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El Nino supports trendline yields

By Staff | Feb 4, 2016

“The El Nino we are in now is tracking closer to 1982 and ’83. 1983 turned out to be a difficult growing season.” —Bryce Anderson DTN senior meteorologist

By KAREN SCHWALLER

kschwaller@evertek.net

Forecasters call for El Nino weather patterns to start out the 2016 growing season and lasting until early summer before switching to a more La Nina-like pattern by late summer.

Proposed weather models indicate that cool summer temperatures are less likely to persist and that trendline yields of 169.2 bushels per acre for corn are attainable.

This is due in part to favorable soil moisture conditions 2015 lasting well into late fall and early winter.

Jeff Johnson, chief science officer for DTN, said a La Nina weather pattern would force dryer conditions when it moves in.

He said March through May analogs suggest cooler weather in the western half of the United States and warmer in the east.

Bryce Anderson, DTN senior meteorologist, said predicted weather patterns do not look as ideal as they did in 2015 for spring field work.

“The El Nino we are in now is tracking closer to 1982 and ’83, and then to 1997-98,” he said “The evolution of the ocean features are more like 1997-98 than the others.

“1983 turned out to be a difficult growing season, while 1997-98 was a little more favorable,” Anderson added. “We are in historical territory regarding El Nino.”

Anderson said he tends to be optimistic that drought conditions will not enter into the picture as much this growing season because soil moisture levels are secure at this point. This follows heavy rains and snows during 2015’s fall and early winter.

“This is where we were in 1998 and 2016, comparing El Nino seasons,” Anderson said, adding that in January 1998, much of the central U.S. had normal soil moisture supplies.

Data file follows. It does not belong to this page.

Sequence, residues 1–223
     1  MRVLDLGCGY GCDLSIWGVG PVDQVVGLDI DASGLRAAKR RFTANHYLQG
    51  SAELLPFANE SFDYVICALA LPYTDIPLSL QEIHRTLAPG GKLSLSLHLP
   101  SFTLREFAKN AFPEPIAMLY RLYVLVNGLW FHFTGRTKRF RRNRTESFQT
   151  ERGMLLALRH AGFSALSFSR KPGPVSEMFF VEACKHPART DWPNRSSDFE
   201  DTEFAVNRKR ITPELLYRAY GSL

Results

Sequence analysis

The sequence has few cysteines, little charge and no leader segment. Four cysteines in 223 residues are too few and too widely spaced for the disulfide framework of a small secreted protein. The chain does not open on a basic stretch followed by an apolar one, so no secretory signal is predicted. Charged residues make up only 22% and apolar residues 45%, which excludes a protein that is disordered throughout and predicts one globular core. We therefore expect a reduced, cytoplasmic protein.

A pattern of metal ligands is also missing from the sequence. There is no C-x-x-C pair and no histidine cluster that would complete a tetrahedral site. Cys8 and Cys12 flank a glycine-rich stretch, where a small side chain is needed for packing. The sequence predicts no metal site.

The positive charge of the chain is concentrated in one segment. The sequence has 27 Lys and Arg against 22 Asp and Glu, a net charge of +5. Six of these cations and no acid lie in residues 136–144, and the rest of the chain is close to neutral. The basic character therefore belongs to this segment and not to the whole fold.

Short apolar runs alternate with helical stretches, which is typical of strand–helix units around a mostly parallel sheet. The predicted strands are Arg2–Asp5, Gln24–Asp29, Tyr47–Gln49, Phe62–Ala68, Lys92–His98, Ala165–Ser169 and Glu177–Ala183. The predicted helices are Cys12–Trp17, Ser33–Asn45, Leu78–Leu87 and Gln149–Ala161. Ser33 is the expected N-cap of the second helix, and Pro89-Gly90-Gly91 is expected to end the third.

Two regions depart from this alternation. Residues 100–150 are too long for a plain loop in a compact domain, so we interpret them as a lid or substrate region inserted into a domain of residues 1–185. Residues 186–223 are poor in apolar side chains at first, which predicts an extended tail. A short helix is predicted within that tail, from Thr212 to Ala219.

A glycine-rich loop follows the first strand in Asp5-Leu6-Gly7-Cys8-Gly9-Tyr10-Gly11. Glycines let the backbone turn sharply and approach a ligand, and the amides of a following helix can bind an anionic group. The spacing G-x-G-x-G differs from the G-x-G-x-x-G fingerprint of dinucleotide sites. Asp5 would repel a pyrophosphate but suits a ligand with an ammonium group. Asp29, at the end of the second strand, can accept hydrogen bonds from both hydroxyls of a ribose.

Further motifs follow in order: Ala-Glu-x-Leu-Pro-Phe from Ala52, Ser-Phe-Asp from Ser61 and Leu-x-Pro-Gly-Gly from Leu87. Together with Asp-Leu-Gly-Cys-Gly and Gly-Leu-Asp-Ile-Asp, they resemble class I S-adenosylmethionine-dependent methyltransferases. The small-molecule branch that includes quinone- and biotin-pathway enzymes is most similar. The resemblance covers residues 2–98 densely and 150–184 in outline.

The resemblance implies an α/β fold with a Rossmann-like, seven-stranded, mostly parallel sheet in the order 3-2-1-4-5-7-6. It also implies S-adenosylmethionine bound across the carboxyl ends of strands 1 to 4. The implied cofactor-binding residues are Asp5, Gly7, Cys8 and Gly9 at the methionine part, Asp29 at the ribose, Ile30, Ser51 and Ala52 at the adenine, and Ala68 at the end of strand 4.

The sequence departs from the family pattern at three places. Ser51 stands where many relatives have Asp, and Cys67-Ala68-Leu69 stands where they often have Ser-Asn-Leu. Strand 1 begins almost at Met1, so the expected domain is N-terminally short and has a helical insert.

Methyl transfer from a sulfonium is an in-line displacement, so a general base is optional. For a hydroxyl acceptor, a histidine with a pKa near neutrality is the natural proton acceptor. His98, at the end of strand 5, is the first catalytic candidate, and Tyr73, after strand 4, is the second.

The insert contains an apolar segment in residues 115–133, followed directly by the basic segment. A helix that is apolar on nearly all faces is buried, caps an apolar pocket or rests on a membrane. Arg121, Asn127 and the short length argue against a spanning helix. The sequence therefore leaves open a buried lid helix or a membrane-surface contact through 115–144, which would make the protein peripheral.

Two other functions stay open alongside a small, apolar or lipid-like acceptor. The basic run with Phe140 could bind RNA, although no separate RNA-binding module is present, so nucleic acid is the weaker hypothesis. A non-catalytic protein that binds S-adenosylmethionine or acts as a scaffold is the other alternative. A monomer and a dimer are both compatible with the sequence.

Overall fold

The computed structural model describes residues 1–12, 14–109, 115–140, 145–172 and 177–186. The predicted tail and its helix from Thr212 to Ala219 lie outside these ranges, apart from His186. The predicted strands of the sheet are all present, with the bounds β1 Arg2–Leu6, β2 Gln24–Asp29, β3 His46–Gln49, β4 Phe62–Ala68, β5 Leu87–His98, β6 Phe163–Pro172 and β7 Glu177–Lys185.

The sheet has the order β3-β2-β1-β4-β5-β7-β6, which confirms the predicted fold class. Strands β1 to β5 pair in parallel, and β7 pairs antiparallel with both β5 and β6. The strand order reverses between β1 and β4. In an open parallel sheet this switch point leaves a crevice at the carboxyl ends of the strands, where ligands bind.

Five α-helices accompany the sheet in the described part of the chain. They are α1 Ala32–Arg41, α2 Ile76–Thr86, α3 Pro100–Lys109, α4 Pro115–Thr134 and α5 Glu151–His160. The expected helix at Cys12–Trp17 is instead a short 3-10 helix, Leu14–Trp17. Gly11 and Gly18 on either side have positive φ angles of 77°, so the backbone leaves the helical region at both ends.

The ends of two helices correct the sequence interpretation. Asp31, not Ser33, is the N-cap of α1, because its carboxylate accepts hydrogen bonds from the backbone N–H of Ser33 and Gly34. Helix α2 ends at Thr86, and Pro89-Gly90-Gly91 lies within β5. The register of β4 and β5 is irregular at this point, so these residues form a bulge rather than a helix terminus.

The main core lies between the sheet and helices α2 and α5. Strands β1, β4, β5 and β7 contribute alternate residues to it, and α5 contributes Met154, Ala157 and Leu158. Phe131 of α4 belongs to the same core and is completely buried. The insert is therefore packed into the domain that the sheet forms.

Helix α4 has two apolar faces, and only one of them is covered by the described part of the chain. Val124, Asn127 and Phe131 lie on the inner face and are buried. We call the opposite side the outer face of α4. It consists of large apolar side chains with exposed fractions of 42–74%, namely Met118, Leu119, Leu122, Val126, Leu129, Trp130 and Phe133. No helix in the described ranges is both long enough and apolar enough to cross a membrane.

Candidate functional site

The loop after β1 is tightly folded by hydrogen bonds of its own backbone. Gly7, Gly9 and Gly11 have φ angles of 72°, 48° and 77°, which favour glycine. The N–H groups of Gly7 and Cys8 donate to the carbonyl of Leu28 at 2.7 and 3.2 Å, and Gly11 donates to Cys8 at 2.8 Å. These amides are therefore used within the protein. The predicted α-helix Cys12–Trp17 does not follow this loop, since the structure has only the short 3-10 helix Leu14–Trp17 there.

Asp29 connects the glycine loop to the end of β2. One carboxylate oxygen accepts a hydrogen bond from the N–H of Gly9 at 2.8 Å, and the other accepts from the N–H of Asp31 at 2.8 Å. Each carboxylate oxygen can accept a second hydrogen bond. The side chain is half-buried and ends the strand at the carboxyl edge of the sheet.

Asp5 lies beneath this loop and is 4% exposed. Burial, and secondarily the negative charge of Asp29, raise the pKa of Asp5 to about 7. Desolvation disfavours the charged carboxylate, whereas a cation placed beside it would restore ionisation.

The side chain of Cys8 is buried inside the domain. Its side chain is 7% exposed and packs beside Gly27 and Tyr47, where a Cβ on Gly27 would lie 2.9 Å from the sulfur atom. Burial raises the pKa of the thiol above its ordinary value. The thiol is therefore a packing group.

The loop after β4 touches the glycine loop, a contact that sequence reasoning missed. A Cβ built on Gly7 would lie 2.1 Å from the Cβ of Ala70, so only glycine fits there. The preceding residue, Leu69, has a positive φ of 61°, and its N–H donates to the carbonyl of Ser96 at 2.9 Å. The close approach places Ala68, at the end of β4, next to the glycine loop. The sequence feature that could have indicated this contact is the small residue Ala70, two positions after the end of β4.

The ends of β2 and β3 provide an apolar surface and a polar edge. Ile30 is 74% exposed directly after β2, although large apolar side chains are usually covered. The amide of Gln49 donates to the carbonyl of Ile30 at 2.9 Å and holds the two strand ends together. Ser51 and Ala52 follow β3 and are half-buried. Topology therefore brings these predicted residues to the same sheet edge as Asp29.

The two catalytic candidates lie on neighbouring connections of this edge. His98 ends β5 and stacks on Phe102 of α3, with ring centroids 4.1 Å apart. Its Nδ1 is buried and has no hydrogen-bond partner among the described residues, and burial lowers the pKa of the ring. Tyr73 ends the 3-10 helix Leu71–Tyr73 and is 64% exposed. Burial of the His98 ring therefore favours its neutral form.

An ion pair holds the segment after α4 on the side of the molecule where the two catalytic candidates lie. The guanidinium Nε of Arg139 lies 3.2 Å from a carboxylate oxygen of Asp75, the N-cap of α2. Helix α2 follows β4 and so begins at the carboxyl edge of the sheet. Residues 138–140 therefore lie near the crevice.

He said precipitation maps show few areas in the central U.S. with dry soils.

“You have to go to northern Minnesota, central North Dakota and into the northern Rockies and Montana and Wyoming,” Anderson said. “There’s plenty of soil moisture to work with and I think that’s optimistic in terms of what it brings to the party and in terms of the overall prospects for this year.”

Anderson said because of the plentiful soil moisture supply, he didn’t think U.S. producers would see a recurrence of the 1988 drought that struck quickly.

He said the U.S. Drought Monitor shows little existence of dryness anywhere in the Midwest or in major crop areas of the U.S.”There is some abnormal dryness in areas of central North Dakota and a few dry pockets in parts of the Great Lakes and the Southeast, and over the Rockies and west,” said Anderson. “There has been notable improvement in Washington State and the interior Pacific Northwest.

“There may even be a little chewing away of the drought in California if some of these storms there continue.”

He added Argentina has seen dryness in several major crop areas in January. Some of the biggest row crop areas in Argentina are areas where dry conditions exist.

“This will be a watch area because it has a close relationship to what is happening in the Pacific,” he said. “If we start to see any sort of tendency towards La Nina, there would be a lot of ripple effects showing up in Argentina.”

He said soil moisture levels in Brazil are variable, and that dryer conditions are beginning to show up in the southern part of the country, specifically in Rio Grande do Sul, which he said is the third largest soybean-growing state in Brazil.

It has received less than 50 percent of what it normally receives during the month of January to date, Anderson said.

“As we finish out this winter in the northern hemisphere and go into spring, the welfare of the South American soybean crop (to a large extent) and the corn crop (to a lesser extent) are going to be watched closely by the trade.

In terms of recent rainfall in Brazil since January, we saw moderate to heavy amounts in Mato Grosso – the largest soybean-producing state.”

Anderson said U.S. producers should be on track to match trends for corn (in mid-160s) and soybean production (45-46 bushel level).

“It will be an achievement if yields can get over that mid-160 figure,” said Anderson. “That’s not a crop failure, but it’s not necessarily raising the bar.”

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